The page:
During her marriage Lucy traveled to different states to work on referendums for suffrage. When her daughter was born and was sickly, Lucy curtailed her lecturing schedule to care for her daughter but was still active through letters in the women’s debate.
Although the Civil War brought with it the possibility of freedom for the slaves, Lucy was not a supporter of the war. She was an advocate of nonresistance, a form of principled nonviolence. During the war she worked with the Woman's Loyal National League, collecting signatures to end slavery and presiding over its first convention. When the 13th, 14th and 15th amendments were enacted abolishing slavery, giving all persons citizenship rights and equal protection under the law and giving men of color the ability to vote (albeit limited ability), Lucy saw this as a step in the right direction and continued to fight for women’s rights state by state.
In her lifetime Lucy worked to set in motion and accomplish:
- political power for women - Wyoming enacted full suffrage for women and other
state had municipal suffrage;
- educational opportunities for women - women were accepted into several
- occupational opportunities for women - women were going into different fields
including art, medicine, law and public speaking;
- marriage equality for women - women were gaining more rights under the law; and
- establishment of women's associations and organizations - to collectively work to
make a difference.
Lucy believed that, "God gave each person yearnings and longings to be filled". Using her golden voice, she helped to elevate and liberate slaves and women in the United States and Canada. Lucy strongly encouraged women to carry on the work. “Now all we need is to continue to speak the truth fearlessly, and we shall add to our number those who will turn the scale to the side of equal and full justice in all things.”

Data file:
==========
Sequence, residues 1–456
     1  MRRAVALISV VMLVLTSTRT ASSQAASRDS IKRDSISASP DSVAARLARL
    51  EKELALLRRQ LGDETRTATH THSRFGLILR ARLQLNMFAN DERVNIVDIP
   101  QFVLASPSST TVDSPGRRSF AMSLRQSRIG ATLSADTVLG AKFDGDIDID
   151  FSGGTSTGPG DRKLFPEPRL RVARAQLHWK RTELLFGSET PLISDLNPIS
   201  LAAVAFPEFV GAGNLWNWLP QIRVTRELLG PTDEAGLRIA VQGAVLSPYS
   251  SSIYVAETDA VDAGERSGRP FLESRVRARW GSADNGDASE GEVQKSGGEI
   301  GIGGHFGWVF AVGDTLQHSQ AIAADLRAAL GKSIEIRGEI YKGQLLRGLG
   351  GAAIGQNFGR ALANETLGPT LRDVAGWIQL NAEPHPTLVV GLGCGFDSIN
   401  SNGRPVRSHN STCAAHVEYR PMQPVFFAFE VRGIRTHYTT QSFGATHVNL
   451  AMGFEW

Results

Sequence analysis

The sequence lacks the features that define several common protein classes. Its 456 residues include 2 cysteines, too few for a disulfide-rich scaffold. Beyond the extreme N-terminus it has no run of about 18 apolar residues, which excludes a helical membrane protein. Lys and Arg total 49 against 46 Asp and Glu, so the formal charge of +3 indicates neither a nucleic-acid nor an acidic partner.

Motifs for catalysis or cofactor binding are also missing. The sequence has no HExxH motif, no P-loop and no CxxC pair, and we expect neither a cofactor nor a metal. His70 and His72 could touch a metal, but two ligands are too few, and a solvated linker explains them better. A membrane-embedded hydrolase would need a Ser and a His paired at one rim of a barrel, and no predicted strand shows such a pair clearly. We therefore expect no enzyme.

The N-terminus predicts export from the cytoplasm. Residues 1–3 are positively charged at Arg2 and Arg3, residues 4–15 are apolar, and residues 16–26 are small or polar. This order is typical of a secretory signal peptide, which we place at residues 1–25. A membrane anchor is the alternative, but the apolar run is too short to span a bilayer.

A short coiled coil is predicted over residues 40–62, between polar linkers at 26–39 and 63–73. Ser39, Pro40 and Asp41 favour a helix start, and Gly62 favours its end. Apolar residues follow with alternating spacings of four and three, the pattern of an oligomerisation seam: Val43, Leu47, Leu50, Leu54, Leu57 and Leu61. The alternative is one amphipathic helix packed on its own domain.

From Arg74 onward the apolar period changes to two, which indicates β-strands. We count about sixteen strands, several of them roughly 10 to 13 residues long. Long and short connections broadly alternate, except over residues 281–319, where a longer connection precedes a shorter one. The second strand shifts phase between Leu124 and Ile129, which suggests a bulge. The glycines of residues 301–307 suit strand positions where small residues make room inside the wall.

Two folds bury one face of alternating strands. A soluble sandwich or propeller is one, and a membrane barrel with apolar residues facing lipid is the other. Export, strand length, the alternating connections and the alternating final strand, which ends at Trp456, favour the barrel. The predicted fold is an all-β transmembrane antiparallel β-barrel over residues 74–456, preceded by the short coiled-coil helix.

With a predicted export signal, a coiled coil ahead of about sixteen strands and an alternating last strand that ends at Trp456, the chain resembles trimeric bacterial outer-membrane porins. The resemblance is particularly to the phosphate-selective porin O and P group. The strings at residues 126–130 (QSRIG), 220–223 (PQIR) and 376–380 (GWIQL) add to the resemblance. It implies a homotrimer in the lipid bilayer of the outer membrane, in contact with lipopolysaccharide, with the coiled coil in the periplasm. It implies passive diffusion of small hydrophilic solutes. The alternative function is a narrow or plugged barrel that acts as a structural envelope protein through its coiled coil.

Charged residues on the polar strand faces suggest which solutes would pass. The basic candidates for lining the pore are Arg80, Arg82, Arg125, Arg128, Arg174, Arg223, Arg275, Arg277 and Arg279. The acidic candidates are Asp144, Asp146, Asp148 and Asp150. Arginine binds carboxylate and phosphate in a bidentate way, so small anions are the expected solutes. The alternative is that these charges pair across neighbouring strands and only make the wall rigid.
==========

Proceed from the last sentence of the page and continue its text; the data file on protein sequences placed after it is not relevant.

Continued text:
In 1893, at the age of 75, Lucy Stone died from stomach cancer. It was said that she had a peaceful death surrounded by her family. According to her daughter, the last words her mother said to her were, “make the world better".
Questions to ponder as you let Lucy's story sink into your depths...
Talk about GUMPTION! From a very early age this visionary paragon was able to identify discrimination in all forms, bravely ask for reform and work diligently to accomplish liberty and equality. Which wise woman traits helped her accomplish these tasks? Think of a time in your life when you stood up against an injustice... what traits were necessary for you to persevere in your course of action?
Lucy's vocation or reason for being on the planet was to orate or use her voice to speak against slavery and for women's rights. The word vocation comes from the Latin word vocare, meaning "to call" and a derivative of the word is "to voice". How can we use our voice to answer our calling, as Lucy did so beautifully?
Holding anti-slavery views caused Lucy to be expelled from the Congregational Church where she'd been a member since childhood. (She later became a member of the Unitarian church.) Holding women's rights views caused her discord with her family. How many of us have had to suffer outside pressures and expulsion in some form in order to stay true to ourselves?
How can we best honor Lucy Stone and the other suffragettes this year? What is within our power to do to "make the world better"?
For further information on the incomparable Lucy Stone, please click on the websites below.
Lewis, Jone Johnson. "Marriage Protest of Lucy Stone and Henry Blackwell." ThoughtCo, Jan. 16, 2020